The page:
US-led airstrikes in Syria hit al-Qaeda affiliate al-Nusra Front and rebel brigade Ahrar al-Sham in a rare expansion of weeks of targeted raids at extremist group Islamic State, the Syrian Observatory of Human Rights said on Thursday. Additionally, American media have reported that 24-year-old French bomb-maker David Drugeon, a converted Muslim who had joined al-Qaeda offshoot the Khorasan group, was among those killed in the strikes.
The raids have hit al-Nusra Front for the second time since the international coalition led by the US began its aerial campaign on September 23rd, the Britain-based monitor said. Strikes near the Syria-Turkey border also targeted rebel group Ahrar al-Sham for the first time, the observatory added.
The Ahrar al-Sham brigade is believed to have around 10,000-20,000 fighters and advocates a conservative ideology, though it hasn’t expressed transnational extremist aspirations like the IS or al-Nusra. However, many of its leaders have connections to the al-Qaeda and the group has battled alongside the al-Nusra and other moderate rebel groups in northern Syria.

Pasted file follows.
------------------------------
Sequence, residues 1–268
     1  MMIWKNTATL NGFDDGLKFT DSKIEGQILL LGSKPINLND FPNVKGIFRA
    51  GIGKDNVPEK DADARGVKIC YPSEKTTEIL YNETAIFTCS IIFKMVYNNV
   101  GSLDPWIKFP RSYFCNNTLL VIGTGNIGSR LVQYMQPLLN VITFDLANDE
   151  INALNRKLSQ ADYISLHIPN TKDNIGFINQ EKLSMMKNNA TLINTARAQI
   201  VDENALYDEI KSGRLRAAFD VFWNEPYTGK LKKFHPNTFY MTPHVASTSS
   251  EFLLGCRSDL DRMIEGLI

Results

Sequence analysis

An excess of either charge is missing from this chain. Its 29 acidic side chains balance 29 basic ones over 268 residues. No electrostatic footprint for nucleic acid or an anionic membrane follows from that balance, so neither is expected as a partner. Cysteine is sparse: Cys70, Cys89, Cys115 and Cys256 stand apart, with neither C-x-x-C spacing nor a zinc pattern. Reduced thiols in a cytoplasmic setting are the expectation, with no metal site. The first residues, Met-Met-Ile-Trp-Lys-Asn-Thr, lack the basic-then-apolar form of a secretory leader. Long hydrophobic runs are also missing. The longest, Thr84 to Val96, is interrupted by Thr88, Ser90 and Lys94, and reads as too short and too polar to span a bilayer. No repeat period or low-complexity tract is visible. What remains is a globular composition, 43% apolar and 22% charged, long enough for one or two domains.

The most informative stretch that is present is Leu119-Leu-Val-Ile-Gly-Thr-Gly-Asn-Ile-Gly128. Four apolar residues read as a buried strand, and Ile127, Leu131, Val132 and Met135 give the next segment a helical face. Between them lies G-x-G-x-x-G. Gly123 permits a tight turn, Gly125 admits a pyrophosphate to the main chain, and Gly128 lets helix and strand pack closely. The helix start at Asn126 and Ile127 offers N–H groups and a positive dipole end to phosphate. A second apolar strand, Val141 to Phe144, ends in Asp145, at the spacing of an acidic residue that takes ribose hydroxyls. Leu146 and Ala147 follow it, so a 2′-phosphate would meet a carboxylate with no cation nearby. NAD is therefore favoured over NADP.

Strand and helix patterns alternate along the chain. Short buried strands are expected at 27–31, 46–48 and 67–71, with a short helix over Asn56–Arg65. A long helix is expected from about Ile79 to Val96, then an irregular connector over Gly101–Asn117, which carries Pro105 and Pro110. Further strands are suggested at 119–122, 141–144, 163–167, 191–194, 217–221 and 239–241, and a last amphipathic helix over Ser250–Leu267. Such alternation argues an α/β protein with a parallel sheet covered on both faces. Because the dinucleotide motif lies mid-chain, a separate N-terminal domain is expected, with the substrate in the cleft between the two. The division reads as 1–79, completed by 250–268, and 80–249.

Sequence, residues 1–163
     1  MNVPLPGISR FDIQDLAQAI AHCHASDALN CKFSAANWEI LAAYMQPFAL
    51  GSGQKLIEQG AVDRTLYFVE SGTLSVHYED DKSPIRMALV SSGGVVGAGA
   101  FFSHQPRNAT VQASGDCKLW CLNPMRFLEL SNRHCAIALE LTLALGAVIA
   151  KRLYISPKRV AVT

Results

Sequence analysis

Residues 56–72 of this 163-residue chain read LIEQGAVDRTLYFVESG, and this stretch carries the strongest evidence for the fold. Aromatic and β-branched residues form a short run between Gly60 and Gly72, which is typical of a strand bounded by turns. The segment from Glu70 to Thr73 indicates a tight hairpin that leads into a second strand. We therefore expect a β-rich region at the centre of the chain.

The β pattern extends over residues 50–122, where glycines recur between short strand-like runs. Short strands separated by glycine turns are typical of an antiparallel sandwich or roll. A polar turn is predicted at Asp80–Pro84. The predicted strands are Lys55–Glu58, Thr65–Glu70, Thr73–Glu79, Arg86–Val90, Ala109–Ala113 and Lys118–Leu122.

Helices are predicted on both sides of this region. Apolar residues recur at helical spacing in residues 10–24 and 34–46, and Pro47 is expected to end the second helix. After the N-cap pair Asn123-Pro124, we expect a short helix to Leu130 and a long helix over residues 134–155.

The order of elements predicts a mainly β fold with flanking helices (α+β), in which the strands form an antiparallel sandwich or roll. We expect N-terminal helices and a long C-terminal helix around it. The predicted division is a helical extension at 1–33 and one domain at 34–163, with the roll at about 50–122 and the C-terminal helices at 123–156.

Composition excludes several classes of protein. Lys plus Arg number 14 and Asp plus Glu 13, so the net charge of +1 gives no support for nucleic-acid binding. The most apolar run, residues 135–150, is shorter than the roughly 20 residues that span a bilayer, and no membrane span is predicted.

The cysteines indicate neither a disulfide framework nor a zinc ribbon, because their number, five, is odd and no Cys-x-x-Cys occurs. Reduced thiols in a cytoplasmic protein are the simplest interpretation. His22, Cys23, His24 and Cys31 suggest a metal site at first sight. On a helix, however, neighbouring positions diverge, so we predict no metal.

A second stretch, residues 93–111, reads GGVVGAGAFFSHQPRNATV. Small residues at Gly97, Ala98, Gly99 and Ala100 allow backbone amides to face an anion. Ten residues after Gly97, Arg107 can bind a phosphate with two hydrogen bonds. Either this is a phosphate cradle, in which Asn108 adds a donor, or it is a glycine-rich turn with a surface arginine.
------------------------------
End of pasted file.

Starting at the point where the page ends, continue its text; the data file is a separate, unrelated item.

Syrian Foreign Minister Waleed Muallem told a Lebanon newspaper that Washington has pledged its raids will not target Syrian President Bashar Assad’s army.
American media organizations reported that a US strike blew up a vehicle in the Idlib province in Syria believed to have been carrying Drugeon. According to Fox news, the car’s driver had lost a leg and is not expected to live, while Drugeon was killed in the attack.
US officials have confirmed that they carried out strikes on Wednesday but said that they cannot confirm Drugeon’s death.
“We are still assessing the outcome of the attack”, Pentagon spokesman Colonel Steven Warren said, before adding that “initial indications” suggest that the strikes have destroyed or severely damaged “several Khorasan Group vehicles, terrorists and buildings assessed to be meeting and staging areas, IED-making facilities and training facilities”.